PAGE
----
The following is a request for support to attend an international standards meeting in England. Frequent Flier miles and financial support would be deeply appreciated!
OCR is a member of the International Standards Organization (ISO) and anAmerican National Standards Institute delegate to the ISO. This may seem an unusual angle to our work in “saving whales” and bringing noise pollution to the attention of the public and policy makers, but establishing standards for noise measurement lays the essential foundation for meaningful policy and future research. We have been working for years on crafting concise language and metrics to express how sound propagates in the ocean, and what impacts that sound has on marine life.
This is one of the more esoteric aspects of our work, but I started on this track in 1992 when in the course of public hearings about expansive use of sonar in the ocean I found that the conservation voices were being summarily dismissed because the they did not have a fluent command of scientific jargon or mathematical modeling. They did not have a clear way of expressing their concerns to the agencies (and the physical oceanographers) who were proposing potentially damaging actions in the ocean.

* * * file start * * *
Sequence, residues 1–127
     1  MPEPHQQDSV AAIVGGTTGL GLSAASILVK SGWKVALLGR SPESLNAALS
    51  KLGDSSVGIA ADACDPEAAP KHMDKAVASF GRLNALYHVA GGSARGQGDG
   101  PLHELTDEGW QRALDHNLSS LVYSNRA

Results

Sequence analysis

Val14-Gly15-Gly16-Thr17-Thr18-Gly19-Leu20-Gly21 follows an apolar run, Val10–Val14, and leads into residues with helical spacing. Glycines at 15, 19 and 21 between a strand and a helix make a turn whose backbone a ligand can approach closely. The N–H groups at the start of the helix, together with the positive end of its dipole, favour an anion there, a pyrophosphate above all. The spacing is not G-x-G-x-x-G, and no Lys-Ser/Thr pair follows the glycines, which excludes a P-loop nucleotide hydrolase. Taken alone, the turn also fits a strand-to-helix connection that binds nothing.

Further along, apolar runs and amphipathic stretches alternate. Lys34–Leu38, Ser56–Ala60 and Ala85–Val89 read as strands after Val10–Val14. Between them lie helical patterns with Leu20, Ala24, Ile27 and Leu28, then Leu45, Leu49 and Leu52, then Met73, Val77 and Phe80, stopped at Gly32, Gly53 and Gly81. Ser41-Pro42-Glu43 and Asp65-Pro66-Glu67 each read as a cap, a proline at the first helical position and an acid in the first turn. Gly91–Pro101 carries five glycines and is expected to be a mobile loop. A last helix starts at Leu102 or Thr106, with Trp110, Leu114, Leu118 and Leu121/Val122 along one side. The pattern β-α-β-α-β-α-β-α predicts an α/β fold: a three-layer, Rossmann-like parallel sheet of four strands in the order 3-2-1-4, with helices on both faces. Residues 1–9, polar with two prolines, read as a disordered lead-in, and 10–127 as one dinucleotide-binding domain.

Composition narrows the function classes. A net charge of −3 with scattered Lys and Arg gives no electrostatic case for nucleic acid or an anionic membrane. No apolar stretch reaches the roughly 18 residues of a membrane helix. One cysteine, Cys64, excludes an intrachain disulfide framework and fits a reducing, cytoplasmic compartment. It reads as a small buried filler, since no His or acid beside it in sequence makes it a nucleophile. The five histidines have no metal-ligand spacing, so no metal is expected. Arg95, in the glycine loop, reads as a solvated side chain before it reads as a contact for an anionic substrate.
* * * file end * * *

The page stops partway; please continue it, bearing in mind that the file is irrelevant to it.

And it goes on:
I did have some fluency which turned out to be the most useful thing I could bring to the table. But once I got into it I found that the scientific community also didn’t have a clear idea of what they were talking about. There was a disparity between the way physicists and biologists express their research. Many biologists have forgotten their physics and calculus, and many physicists look at animals as if they were “input devices” and get hives around the indeterminacy of statistics.
I also found that even in their respective fields physicists and biologists had an unconcise array of expressions used to quantify and qualify their work. How can clear exposure guidelines be set if the numbers and terminology are all willy-nilly? So working on concise definitions became one of the most important thrusts of our work – participating in standards committees and meetings to help us all clarify how we express the activities and machinations of our field.
I now have the opportunity to complete a long arc of international standards development as the US “Head of Delegation” at an ISO meeting in London.
Unfortunately this was not in our budget so I’m reaching out to you to ask for support. Donations of Frequent Flyer miles for a round trip to London would be stunning. Additional funds to feed and house me while there would also be really useful. If you have frequent Flyer miles you can respond to me at info@OCR.org. For financial contributions just tap the button and follow the directions.
Thank you very much for your support!